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Exercise begins at 40

Time stands still for no-one but does time really have the power that we ascribe to it? Does the early bird really get the worm or are there worms enough that they will be around all day? Is he who hesitates really lost or is he more likely to make a better, more informed decision? We panic about time and the loss of it but, in reality, time is on our side and a new study has supported that idea because it seems the benefits of exercise for your heart will still accrue even if you start your exercise program later in life.

In a new study, researchers assessed healthy men aged between 55 and 70 years old. The men fell into three groups: those who had never exercised more than two hours per week in their lifetime, those who exercised at least seven hours a week and started before age 30, and those who exercised over seven hours a week and started after the age of 40.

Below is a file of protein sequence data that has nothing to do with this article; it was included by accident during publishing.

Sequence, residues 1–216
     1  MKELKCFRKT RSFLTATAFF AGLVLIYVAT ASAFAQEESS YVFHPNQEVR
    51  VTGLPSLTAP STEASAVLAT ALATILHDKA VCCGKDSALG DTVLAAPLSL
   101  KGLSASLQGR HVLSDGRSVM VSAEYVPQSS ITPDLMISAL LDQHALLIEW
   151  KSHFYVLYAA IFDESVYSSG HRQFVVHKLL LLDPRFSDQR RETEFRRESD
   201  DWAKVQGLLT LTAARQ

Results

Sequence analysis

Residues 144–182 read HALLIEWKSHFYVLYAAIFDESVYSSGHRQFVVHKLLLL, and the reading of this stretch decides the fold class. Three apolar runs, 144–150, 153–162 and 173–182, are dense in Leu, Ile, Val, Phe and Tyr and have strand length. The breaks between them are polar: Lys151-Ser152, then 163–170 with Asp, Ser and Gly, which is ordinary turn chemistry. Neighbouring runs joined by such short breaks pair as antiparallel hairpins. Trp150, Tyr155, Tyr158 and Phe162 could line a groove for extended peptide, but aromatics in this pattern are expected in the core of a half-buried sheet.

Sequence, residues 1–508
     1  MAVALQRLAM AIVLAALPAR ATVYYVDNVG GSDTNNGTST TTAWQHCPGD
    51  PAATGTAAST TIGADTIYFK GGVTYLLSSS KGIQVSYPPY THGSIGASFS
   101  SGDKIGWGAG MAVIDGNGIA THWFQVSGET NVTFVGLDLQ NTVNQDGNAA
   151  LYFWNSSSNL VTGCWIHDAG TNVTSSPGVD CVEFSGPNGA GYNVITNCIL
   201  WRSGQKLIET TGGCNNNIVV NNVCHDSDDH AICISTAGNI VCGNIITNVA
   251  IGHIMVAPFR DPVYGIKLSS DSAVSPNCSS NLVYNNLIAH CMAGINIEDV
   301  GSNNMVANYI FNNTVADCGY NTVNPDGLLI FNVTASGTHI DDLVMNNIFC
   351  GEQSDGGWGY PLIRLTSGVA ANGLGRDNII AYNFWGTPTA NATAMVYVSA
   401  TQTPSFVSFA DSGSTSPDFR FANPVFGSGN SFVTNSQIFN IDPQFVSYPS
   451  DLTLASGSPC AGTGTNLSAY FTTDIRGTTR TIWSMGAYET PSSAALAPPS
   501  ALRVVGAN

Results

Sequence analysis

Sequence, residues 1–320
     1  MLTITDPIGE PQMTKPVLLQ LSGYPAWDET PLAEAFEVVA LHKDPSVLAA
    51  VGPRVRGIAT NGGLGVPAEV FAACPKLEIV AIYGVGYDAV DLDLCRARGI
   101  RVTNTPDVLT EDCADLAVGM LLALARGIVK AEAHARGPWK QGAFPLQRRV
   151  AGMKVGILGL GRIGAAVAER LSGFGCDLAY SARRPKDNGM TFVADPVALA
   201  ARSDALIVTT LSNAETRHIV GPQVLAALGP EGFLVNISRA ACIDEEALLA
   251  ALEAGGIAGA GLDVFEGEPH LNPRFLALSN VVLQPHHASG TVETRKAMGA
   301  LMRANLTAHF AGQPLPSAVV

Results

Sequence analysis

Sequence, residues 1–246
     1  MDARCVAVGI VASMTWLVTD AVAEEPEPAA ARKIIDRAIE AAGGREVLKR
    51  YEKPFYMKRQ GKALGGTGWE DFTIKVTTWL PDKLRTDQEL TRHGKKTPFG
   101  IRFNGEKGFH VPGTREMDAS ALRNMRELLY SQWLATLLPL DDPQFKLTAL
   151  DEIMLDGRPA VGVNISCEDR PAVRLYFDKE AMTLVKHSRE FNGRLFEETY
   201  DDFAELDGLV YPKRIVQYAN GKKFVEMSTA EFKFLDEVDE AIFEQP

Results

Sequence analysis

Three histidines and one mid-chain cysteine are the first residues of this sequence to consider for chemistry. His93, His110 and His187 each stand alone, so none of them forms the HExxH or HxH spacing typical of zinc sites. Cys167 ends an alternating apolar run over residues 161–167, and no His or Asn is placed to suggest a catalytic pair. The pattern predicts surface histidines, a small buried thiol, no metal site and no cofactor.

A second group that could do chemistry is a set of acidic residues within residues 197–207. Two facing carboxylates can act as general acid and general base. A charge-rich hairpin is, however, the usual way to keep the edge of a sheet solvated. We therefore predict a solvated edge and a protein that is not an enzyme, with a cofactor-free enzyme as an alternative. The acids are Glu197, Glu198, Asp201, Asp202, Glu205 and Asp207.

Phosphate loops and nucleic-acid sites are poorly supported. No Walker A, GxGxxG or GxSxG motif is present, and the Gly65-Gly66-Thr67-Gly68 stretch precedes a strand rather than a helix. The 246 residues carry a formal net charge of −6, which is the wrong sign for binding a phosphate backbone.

On average, those who started training before age 30 had been training for 39 years from an average age of 22 and those who started after 40 had been exercising for 18 years from an average age of 48.

The men who started training before age 30 had an average heart rate of 56.8 beats per minute, those who started after 40 had a heart rate of 58.1 bpm, and the men who had never exercised had an average heart rate of 69.7 bpm.

In the group who started before 30, maximal oxygen uptake was 47.3 ml/min/kg, for those starting after 40 it was 44.6 ml/min/kg, and for those who had not exercised it was 33.0 ml/min/kg. The non-exercisers also had much thicker heart blood vessel walls than the two exercise groups while the left ventricle and both atria were larger in the hearts of the exercisers.

All those figures tell us that starting to exercise at or even after the age of 40 does not significantly reduce the benefits for your heart, which means you can scratch one more excuse off the list of what is stopping you beginning your exercise routine. Never say never, because it’s never too late.

Terry Robson

Terry Robson

Terry Robson is the Editor-in-Chief of WellBeing and the Editor of EatWell.

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